Barack Obama's Boyhood Crush? Linda Ronstadt, It Turns Out
Legendary American singer Linda Ronstadt had herself quite the afternoon Tuesday, receiving in a White House ceremony the National Medal of Arts, the highest honor the government can bestow on an artist. But she also got another, much cooler surprise — President Obama admitted his boyhood crush to Ronstadt, whispering in her ear during the event. He later admitted to the assembled crowd as much, according to CNN: "I told Linda Ronstadt I had a crush on her back in the day."
It was a sweet moment, and from the perspective of a young man in the 1970s — Obama was born in 1961, and is 16 years younger than Ronstadt — he surely wasn't the only one with a crush on the iconic music star. Her career spanned over four decades, starting in 1967 and ending in 2011, when she announced her retirement (she subsequently revealed in 2013 that she'd been diagnosed with Parkinson's disease and had lost the ability to sing).
But throughout that lengthy career, her razor-crisp, soaring vocals were a permanent feature of the American music landscape, and if you've got any heart or soul for a good tune, it might be hard not to fall a little smitten.
Ronstadt wasn't the only one receiving the lofty arts honor Tuesday — ten more people were honored, including longtime NPR host Diane Rehm. While Obama's comments on the honor were given on the group collectively, they had a special resonance with one of America's most celebrated vocalists in attendance.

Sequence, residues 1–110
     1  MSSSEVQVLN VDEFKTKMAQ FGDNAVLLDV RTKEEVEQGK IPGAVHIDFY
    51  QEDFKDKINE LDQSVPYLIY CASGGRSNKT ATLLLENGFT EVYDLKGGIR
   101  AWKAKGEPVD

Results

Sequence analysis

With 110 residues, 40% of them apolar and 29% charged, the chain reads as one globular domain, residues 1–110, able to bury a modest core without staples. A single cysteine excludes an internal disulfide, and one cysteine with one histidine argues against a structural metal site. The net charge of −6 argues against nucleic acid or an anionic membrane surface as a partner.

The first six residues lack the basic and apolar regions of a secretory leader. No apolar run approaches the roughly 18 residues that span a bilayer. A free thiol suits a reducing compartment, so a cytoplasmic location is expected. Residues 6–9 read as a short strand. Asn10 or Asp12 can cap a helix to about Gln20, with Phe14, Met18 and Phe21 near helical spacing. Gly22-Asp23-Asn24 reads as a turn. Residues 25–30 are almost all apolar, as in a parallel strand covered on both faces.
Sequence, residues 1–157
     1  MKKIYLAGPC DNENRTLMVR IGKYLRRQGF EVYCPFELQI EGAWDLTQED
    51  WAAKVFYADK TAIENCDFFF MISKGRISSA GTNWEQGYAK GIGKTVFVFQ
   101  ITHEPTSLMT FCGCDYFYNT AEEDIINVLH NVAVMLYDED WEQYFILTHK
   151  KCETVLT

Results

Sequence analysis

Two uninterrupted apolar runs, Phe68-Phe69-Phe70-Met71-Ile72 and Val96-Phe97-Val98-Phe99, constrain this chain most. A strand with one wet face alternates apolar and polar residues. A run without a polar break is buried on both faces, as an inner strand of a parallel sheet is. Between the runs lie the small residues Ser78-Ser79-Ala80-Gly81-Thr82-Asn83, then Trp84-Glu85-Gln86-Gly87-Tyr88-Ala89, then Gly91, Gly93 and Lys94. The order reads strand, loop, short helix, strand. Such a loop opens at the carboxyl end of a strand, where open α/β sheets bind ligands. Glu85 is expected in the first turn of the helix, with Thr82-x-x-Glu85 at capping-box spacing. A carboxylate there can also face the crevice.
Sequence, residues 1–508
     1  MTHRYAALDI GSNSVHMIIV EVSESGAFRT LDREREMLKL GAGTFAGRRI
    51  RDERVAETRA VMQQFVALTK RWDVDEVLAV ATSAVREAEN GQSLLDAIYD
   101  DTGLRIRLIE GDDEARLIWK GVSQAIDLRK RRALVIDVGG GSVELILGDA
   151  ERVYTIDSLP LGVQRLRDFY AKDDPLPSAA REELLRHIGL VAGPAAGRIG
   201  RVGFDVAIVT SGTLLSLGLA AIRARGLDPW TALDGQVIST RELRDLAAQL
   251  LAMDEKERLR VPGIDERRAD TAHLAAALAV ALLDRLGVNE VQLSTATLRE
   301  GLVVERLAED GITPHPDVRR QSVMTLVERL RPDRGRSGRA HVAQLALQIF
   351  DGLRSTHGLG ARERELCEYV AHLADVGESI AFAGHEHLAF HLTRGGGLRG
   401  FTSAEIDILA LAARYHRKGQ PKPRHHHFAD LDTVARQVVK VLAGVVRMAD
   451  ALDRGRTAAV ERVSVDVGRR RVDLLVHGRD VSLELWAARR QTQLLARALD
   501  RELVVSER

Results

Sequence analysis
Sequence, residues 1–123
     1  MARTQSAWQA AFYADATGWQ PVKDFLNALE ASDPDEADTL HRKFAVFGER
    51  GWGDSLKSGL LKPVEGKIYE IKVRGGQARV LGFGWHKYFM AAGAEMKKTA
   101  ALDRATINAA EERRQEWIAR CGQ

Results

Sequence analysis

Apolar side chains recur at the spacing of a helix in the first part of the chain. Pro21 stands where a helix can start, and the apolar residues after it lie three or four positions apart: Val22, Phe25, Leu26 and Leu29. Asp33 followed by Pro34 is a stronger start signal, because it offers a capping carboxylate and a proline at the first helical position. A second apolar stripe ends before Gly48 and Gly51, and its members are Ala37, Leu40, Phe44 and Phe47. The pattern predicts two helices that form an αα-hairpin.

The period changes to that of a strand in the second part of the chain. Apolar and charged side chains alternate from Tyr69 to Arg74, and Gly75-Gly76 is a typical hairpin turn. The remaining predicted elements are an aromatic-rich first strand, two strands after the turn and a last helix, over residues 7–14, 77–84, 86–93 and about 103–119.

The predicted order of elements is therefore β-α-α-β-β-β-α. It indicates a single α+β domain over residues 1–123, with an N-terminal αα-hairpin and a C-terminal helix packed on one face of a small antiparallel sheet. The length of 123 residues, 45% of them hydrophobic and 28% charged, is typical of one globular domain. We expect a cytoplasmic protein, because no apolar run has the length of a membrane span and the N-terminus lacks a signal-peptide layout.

According to the Tucson Sentinel, Obama said:
The late, great Maya Angelou once said, 'A bird doesn’t sing because it has an answer, it sings because it has a song. Each of the men and women that we honor today has a song — literally, in some cases. For others, it’s a talent, or a drive, or a passion that they just had to share with the world. We can never take for granted the flash of insight that comes from watching a great documentary or reading a great memoir or novel, or seeing an extraordinary piece of architecture. We can’t forget the wonder we feel when we stand before an incredible work of art, or the world of memories we find unlocked with a simple movement or a single note.
If Obama had been born a little earlier, and had launched his political career a bit sooner, maybe he could've actually fulfilled his crush on Ronstadt — after all, she's not averse to politicians. Ronstadt famously dated current California Governor Jerry Brown back in the late 1970s, during his original tenure in the office, and ended up pinning a rather embarrassing nickname to the ambitious Democrat — she called him "Moonbeam" in a 1978 interview with Rolling Stone, a name also used by the late Chicago Sun-Times columnist Mike Royko, and it's followed him around ever since.